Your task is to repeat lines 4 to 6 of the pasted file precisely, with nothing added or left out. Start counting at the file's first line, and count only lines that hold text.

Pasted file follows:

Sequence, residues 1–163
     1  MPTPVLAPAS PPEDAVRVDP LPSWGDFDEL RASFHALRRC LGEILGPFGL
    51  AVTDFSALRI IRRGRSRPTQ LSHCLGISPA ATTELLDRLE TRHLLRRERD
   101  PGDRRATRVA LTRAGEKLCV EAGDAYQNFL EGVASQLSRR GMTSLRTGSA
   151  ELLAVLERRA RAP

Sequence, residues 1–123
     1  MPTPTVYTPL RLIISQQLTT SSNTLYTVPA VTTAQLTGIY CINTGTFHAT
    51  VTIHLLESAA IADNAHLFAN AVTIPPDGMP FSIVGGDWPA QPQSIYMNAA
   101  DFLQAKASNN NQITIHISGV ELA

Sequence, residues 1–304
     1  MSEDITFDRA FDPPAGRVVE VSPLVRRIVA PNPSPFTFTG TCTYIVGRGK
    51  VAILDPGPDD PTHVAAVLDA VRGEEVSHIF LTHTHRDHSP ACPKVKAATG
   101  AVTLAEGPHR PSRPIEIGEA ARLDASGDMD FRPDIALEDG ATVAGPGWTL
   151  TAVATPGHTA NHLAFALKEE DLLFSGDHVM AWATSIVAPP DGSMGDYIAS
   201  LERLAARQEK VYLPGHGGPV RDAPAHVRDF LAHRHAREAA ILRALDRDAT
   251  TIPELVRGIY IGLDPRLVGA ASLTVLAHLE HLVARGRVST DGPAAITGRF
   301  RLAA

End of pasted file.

   101  PGDRRATRVA LTRAGEKLCV EAGDAYQNFL EGVASQLSRR GMTSLRTGSA
   151  ELLAVLERRA RAP

Sequence, residues 1–123